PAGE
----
Another way to lose speed is by getting hit by obstacles or the Mob, which commonly hide cheaply behind corners, requiring some tedious track memorisation. Mob guys can be taken out by kung fu moves, performed by pressing the Move button, but timing this move can be tough and the dude you thought you were taking out may end up hitting you instead. Some obstacles or attacks must be ducked too, which is easily done by pressing the T button. If you get hit or crash you bail, losing speed and sometimes earning a goofy slow motion crash scene. While these slow motion crashes are probably the funniest parts of the game, they are also the most frustrating.

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Crashing five times means starting the level over again from the top, and what little excitement you build up is quickly siphoned away when you crash, and crash you will. Cars sometimes zoom onto screen without warning, costing you a crash before you even knew it was there. Since scoring depends on the money you collect, the bonus gates you activate and time, replaying a level means you'll have to go for those things all over again while trying to make good time, requiring you to play very carefully to keep your score. The game could be a lot more fun if the scoring mechanism, enemy positions and control scheme required less careful trepidation and more speed and action, but the six punishing locations simply don't allow such unbridled fun.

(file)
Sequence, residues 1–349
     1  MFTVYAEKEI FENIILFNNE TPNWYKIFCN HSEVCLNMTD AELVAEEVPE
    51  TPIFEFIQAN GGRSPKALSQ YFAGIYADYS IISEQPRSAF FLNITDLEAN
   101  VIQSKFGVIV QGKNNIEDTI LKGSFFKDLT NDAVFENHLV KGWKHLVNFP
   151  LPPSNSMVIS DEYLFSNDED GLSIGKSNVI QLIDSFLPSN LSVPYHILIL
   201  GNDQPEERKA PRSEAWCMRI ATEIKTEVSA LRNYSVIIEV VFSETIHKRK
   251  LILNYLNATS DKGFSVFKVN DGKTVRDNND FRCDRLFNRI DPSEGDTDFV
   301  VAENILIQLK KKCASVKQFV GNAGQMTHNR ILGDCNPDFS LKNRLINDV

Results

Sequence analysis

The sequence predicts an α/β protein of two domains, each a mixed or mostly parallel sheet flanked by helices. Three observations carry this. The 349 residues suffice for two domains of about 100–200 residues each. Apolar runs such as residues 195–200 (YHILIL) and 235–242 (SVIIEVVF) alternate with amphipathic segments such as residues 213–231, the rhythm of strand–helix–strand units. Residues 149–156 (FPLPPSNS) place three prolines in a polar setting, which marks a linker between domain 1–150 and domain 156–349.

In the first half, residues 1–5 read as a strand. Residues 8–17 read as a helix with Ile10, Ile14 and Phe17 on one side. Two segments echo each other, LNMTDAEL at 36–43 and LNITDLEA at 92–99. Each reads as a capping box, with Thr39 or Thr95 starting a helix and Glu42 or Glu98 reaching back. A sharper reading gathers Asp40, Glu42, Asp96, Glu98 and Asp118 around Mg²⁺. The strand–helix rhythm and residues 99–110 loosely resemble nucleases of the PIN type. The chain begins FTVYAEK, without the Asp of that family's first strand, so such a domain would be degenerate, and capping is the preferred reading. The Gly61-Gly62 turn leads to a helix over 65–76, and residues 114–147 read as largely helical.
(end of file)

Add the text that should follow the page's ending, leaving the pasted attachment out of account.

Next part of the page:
Once a level is beat on all difficulties, it can be revisited in free play mode, which lets you crash as much as you want without a timer. Each locations comprises several stages, and free play mode is useful for exploring them and finding multiple track branches, but once you've played a level over and over in an effort to wrangle down the controls and get to the end in under five crashes, you may no longer have an interest in revisiting the track. If you do though, there are lots of hidden gates, secret medals (which unlock new rides) and money trails to track down, and if you can stand the tedium it will take quite some time to max out your score.